On Aug. 5, the State Department announced specifics to the Warsaw Process Working Groups, in what can uniformly be seen as a positive benefit for diplomatic relations between Poland, United States, and Israel. “These working groups will drive momentum on areas of consensus to advance shared security interests in the Middle East and enhance regional cooperation,” as written in its press release.
In February, representatives of more than 60 nations assembled for the Ministerial to Promote a Future of Peace and Security in the Middle East. U.S. Secretary of State Mike Pompeo announced at its conclusion the creation of seven working groups. These included broad steps to “confront terrorism, missile non-proliferation, maritime and aviation security, cyber security, energy security, humanitarian issues and refugees, and human rights.”
Poland’s incentive to forge good ties with Israel and the U.S. stem for different reasons, stresses Dr. Patrycja Sasnal, who serves as head of the Middle East & North Africa Project. “The two relations – Polish-Israeli and Polish-American – are very different and I’d say strategic for different reasons: relations with Israel are strategic socially because our fates have been historically intertwined and this will never change but relations with the U.S. are strategic in the more traditional political sense: the U.S. is a security guarantor,” she says.
Dr. Lukasz Fyderek told reporters that the summit’s emphasis was “maximum effort to put pressure on Iran. What is needed from the perspective of Washington, is a better coordination of its Middle Eastern allies, namely Israel and Saudi Arabia.” Those with keen understanding of the underlying tension in the Middle East rests with Iran and Saudi Arabia’s disparate quests for regional and religious hegemony.
“Relations with Israel are strategic socially because our fates have been historically intertwined and this will never change,” adds Dr. Sasnal, before reminding that the conflict with Iran should not be so simply defined. “There are 80 million Iranians. This fact alone does not allow for a black and white designation of the country. Poland, like the EU, agrees that Iran does pose an international security challenge. It is, however, politically more efficient to use diplomatic contacts and engage than exert dangerously uncontrollable pressure.”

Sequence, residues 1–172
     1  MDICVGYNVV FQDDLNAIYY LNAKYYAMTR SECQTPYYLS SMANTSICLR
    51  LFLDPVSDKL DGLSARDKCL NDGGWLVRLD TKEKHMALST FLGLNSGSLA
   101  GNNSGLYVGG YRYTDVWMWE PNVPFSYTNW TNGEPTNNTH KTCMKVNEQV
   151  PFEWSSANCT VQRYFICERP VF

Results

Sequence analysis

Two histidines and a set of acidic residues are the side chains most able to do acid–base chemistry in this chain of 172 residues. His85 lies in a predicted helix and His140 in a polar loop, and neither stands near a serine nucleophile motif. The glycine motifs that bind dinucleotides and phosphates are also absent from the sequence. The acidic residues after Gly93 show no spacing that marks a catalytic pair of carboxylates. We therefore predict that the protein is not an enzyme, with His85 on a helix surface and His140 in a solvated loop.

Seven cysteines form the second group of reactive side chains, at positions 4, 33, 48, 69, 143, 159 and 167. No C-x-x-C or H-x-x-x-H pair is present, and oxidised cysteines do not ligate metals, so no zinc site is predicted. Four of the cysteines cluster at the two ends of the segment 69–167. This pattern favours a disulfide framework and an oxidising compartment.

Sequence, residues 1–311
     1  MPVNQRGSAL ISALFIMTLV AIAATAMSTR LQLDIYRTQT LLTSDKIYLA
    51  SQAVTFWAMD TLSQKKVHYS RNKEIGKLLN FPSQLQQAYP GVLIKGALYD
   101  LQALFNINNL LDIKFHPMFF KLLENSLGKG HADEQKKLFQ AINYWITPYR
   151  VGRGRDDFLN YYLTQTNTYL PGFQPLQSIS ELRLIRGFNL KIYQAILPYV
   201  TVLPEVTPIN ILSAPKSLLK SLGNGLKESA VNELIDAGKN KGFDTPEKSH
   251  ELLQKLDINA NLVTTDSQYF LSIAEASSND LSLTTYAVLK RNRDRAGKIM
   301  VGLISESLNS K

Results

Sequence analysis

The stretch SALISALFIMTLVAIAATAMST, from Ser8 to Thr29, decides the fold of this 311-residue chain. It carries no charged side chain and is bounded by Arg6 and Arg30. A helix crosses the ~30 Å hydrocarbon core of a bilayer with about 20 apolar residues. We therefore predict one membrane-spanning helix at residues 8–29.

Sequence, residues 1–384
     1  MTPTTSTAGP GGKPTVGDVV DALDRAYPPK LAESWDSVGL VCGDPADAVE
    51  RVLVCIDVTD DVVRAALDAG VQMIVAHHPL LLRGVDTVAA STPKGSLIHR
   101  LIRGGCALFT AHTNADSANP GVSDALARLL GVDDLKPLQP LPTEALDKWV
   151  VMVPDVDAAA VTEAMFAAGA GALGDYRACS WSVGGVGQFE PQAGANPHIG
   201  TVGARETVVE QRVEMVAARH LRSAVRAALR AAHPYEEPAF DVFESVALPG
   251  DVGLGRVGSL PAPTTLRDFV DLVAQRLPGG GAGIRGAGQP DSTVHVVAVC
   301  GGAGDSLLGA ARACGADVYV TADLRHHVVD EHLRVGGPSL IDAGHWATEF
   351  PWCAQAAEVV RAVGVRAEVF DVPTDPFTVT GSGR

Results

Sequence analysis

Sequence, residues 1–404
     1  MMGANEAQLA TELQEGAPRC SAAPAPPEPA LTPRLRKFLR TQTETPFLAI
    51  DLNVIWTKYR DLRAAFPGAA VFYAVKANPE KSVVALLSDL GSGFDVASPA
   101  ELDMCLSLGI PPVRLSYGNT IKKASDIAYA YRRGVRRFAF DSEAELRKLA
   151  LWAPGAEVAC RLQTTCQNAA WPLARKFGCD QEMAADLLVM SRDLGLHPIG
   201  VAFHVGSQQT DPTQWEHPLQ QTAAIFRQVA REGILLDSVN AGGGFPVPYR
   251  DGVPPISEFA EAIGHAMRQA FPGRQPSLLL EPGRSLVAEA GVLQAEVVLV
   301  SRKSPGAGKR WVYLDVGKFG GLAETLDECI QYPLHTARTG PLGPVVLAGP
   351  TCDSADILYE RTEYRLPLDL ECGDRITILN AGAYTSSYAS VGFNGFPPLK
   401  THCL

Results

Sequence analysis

Pompeo met with his Polish counterpart Foreign Minister Jacek Czaputowicz in February, touting one hundred years of good diplomatic relations. “You have been an outstanding partner on this initiative and a true ally across many fields,” he gestured before emphasizing that Iran’s “aggression in the region has brought Israel and Arab states closer together. What I think was even more more remarkable is that it didn’t feel all that historic. It felt right. It felt normal because we were working on a common problem.”
Robert Czulda, an assistant professor at University of Łódź, penned an Atlantic Council piece leading up to the summit, describing Poland’s real incentive for hosting it. “Poland has been trying to persuade the Trump administration to build a permanent US military base on Polish soil because it would – at least according to Polish decision-makers – be a stronger deterrent against Russia, which is Poland’s greatest challenge… Poland is now willing to pay the price of strained relations with Iran in order to please the White House.”
Dr. Sasnal adds that while the Poles’ overall positive feelings toward the U.S. may be construed as an anomaly in Europe, such affection belies a ‘political logic.’ “Poles think favorably of the U.S., which is not always the case in the rest of Europe,” she says. “This favoritism has a political logic: in a multipolar world, it is easier to face challenges together with the U.S. rather than without them. This logic will make any Polish government try to mend Transatlantic ties when strains occur.”
Is Poland perhaps leaning toward the U.S. to offset a perception that alternatively it would be dependent on Russia for oil or gas?
“No,” says Dr. Sasnal. “Poland is a member of the European Union – the European community together with the Transatlantic community form a circle of values and security that makes Poland work toward a strong European-American linkage.”